Report: Turkish government detained at least 187 journalists in 2017

At least 187 journalists were detained by Turkish government in 2017, according to a report released by Free Journalists Initiative (ÖGİ) in Diyarbakır on Wednesday. 

Holding a press conference at the Diyarnakır Branch of the Turkish Journalists’ Union (TGS) on Wednesday, ÖGİ has introduced the “Report on the Violations of Media Freedom in 20017 ” both in Turkish and Kurdish languages. While the Kurdish version of the report was introduced by ÖGİ spokesman Hakkı Boltan, Turkish version was announced by journalist Ömer Tur.

Stating that access to the internet sites of 4 media outlets was being blocked by Turkish authorities just hours before the announcement of report, it was said that the pressures applied to the press in 2017 are also continuing in 2018 as well.

The ÖGİ has shared its findings in regard of pressure targeting journalists and media outlets in Turkey as follow:

At least 187 journalists were detained by Turkish government in 2017. Most of the journalists were either taken into custody during the news follow-up or by raid on their houses on “tip-off.” At least 58 journalists were arrested by Turkish courts and most of these arrested journalists are in jail as their trials continue. News articles and photos were shown as criminal evidence in the indictments prepared by Turkish prosecutors about the imprisoned journalists.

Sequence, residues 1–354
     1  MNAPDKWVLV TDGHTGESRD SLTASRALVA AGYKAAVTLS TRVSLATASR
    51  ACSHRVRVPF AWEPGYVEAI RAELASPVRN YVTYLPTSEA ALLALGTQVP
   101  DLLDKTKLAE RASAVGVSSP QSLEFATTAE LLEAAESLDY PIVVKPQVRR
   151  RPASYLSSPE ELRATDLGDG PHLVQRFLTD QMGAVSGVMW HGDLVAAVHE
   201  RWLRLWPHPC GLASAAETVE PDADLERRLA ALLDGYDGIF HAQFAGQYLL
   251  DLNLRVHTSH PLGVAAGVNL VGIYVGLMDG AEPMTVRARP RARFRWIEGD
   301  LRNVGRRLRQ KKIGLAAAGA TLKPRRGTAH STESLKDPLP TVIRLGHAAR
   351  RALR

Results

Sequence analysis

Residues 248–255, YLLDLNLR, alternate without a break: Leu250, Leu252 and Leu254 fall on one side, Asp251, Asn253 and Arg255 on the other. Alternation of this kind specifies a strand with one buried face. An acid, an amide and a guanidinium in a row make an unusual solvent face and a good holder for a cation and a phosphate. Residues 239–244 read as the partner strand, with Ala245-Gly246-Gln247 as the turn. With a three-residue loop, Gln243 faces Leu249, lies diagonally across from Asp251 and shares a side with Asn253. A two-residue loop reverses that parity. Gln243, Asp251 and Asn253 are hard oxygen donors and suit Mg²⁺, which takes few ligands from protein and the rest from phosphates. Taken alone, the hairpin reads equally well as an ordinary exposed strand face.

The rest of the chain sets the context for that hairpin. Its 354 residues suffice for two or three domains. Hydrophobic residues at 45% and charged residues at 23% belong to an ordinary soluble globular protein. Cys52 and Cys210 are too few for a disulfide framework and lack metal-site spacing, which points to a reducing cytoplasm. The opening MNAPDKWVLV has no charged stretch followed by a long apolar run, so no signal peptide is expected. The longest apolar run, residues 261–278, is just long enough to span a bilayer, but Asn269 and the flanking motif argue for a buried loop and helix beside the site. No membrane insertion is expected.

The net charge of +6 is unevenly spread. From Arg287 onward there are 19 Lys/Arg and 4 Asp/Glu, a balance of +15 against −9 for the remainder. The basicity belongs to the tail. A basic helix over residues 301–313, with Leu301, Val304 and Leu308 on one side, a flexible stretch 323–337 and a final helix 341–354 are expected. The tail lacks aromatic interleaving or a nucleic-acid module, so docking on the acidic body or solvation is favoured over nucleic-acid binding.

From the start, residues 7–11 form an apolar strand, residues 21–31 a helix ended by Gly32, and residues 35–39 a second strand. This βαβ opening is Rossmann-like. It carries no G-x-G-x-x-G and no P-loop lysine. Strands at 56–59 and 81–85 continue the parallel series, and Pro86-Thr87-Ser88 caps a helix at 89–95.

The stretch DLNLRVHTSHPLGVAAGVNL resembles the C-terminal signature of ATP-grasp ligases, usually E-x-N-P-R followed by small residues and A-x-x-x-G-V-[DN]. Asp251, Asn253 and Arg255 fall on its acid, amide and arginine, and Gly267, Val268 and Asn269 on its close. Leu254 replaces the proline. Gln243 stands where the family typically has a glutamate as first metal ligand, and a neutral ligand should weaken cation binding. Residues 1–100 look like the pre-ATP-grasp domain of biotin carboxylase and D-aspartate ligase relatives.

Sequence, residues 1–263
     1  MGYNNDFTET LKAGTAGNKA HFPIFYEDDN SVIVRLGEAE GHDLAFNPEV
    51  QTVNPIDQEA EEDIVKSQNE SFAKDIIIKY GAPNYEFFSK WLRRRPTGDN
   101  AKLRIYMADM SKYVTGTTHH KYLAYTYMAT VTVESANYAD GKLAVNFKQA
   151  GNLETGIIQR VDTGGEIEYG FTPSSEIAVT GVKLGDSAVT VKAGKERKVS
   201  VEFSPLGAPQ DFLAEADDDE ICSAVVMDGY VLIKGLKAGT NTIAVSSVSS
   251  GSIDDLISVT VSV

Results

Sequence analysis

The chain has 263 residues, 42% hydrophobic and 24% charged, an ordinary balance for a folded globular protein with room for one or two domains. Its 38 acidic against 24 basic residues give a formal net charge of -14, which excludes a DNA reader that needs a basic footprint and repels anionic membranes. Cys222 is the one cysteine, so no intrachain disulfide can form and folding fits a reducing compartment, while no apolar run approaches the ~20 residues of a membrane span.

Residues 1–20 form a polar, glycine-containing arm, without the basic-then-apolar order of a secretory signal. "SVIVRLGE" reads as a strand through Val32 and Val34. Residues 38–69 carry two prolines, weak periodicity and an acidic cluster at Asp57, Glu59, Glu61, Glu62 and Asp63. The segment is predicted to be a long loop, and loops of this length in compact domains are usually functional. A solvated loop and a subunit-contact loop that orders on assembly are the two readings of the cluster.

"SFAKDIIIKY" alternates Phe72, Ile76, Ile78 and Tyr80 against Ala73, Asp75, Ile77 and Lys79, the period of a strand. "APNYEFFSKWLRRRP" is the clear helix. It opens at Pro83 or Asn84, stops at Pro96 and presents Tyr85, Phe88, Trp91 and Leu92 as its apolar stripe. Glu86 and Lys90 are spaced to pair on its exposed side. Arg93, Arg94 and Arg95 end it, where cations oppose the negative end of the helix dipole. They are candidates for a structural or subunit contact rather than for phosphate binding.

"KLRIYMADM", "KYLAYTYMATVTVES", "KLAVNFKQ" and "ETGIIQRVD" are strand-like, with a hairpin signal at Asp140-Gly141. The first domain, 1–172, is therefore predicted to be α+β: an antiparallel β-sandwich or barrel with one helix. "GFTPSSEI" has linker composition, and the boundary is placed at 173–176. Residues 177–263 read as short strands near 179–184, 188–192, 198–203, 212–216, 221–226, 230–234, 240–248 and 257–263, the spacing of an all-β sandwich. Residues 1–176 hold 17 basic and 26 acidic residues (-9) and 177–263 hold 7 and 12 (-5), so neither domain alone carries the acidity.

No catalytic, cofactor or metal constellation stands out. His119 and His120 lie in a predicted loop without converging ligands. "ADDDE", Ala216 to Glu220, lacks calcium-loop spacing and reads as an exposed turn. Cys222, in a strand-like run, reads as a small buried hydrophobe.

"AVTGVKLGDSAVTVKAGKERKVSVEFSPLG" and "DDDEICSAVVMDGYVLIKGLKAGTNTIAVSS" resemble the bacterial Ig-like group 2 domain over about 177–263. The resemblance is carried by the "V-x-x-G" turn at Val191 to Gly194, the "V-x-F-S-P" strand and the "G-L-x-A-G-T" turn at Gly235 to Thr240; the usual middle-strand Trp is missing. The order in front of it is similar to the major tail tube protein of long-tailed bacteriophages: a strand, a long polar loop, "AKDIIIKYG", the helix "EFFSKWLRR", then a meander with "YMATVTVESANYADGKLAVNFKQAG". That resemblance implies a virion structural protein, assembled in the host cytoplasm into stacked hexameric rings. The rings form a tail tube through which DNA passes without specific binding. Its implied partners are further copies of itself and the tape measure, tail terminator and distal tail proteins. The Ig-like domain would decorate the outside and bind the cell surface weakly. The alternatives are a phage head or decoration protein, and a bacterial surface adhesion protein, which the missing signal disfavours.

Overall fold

Currently, at least 165 journalists are kept in prisons across Turkey. In 2017, 189 journalists have been sued by public authorities. At least 81 journalists were sentenced to pay fine and imprisonments.  Turkish courts have given 183 years 4 months 18 days imprisonment, and 333,120 TL fine to 81 journalists in 2017. At least 373 journalists have still been tried. At least 18 journalists were attacked on duty. One journalist was kidnapped and threatened with death. One journalist was threatened with weapons as h/she was on duty. One journalist was killed.

At least 35 media outlets were closed by Turkish government with executive decrees (KHK) under the  under the ongoing rule of emergency. The assets of the media companies that were closed by the government in 2016 were sold by the Turkey’s state-run Savings Deposit Insurance Fund (TMSF).

The Turkish government has also removed 3 critical television channel from TURKSAT. The government has revoked the licence of 5 critical television channels. The government has blocked the access to the websites of 37 media outlets. At least 5 foreign journalists were deported. At least 25 journalists were fired and at least 100 journalists’ press cards were canceled.

Turkey is the biggest jailer of journalists in the world. The most recent figures documented by the SCF has showed that 242 journalists and media workers are in jails as of December 30, 2017, most in pre-trial detention languishing in notorious Turkish prisons without even a conviction. Of those in Turkish prisons, 215 are arrested pending trial, only 27 journalists remain convicted and serving time in Turkish prisons. An outstanding detention warrants remain for 138 journalists who live in exile or remain at large in Turkey.

Detaining tens of thousands of people over alleged links to the Gülen movement, the government also closed down more than 180 media outlets after the controversial coup attempt.

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